A recent scam highlighted by some consumer programmes is when an unexpected parcel is delivered to your door.
You sign for the parcel and take it in, perhaps thinking it contains something you had forgotten you ordered, or perhaps your partner ordered it.
A few minutes later the phone rings. It’s the courier company explaining that they made a mistake and the parcel was incorrectly addressed to you. They have a courier in the area who can pick it up from you in a few minutes. You hand the parcel to the courier. And that is probably the last you think about it until you get an unexpected – and probably large – bill through your door.
So, how did you end up with an unexpected bill?
The scammer got hold of some of your personal data and used that information to order goods in your name to be delivered to your address. The goods themselves will probably be from a perfectly reputable supplier. For example, they may have ordered an expensive smartphone on a 24 month contract.
The first person who turned up at your door was a genuine courier. But the phone call came from the scammer. The second courier was also the scammer (or part of the same gang). So, when you handed over the unexpected package to the second “courier” you were giving it to the criminal who impersonated you. He or she has the goods but you owe the money for those goods.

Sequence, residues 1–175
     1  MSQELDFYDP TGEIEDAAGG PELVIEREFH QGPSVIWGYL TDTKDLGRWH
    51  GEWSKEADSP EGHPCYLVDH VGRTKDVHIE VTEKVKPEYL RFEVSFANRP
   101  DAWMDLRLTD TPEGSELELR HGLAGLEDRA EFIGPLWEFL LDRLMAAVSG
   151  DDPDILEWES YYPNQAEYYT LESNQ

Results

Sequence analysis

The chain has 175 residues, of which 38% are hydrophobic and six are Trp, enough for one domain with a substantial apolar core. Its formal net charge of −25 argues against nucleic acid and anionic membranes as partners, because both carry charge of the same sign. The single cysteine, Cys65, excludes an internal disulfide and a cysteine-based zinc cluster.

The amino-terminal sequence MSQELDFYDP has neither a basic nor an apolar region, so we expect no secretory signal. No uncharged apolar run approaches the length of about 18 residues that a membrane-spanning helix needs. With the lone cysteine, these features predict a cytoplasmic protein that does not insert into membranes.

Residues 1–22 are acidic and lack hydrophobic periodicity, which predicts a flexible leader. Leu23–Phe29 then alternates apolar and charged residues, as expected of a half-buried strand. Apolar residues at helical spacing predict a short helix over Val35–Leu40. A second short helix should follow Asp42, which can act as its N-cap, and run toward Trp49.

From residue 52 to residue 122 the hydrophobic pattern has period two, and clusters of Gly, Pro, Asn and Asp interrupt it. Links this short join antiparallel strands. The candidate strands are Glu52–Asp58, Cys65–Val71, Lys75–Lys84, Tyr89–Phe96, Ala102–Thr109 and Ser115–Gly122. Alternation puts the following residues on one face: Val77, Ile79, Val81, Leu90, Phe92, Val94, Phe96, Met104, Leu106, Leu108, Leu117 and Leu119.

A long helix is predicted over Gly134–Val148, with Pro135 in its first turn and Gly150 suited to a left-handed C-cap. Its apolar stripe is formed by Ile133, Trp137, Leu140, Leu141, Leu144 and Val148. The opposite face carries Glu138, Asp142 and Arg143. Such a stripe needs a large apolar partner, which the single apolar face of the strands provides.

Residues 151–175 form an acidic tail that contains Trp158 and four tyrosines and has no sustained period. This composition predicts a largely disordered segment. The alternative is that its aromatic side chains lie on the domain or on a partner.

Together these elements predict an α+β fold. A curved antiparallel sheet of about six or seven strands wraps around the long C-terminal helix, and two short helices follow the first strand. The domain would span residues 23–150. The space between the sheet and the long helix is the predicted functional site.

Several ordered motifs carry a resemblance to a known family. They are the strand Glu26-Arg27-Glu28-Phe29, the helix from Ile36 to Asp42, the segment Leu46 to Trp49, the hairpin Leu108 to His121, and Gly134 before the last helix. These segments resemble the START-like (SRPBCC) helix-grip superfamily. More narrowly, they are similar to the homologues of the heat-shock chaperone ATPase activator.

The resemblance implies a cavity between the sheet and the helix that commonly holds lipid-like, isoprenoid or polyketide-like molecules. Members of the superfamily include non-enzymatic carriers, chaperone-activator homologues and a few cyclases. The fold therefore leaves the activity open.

Because the goods were ordered in your name, to your address and you signed to confirm receipt of those goods, it is difficult to prove that you did not order them.
Avoiding this scam is the best strategy. Obviously, you will want to take in any package you receive – it may be something you or someone else in your household ordered. But if you then receive a call explaining it was delivered in error, do not agree to hand it over. If the caller becomes threatening, tell them you suspect it to be a fraud and will be calling the police.
Contact the sender of the goods – details should be on the outside of the package or on a leaflet inside. Explain to them that you have been a victim of fraud. Ask them for details of how you can return the package to them via a genuine courier.
Also, contact Action Fraud or the police on 101, so that the police can log the incident, issue a crime reference number and gather intelligence about where and when this type of scam is being carried out.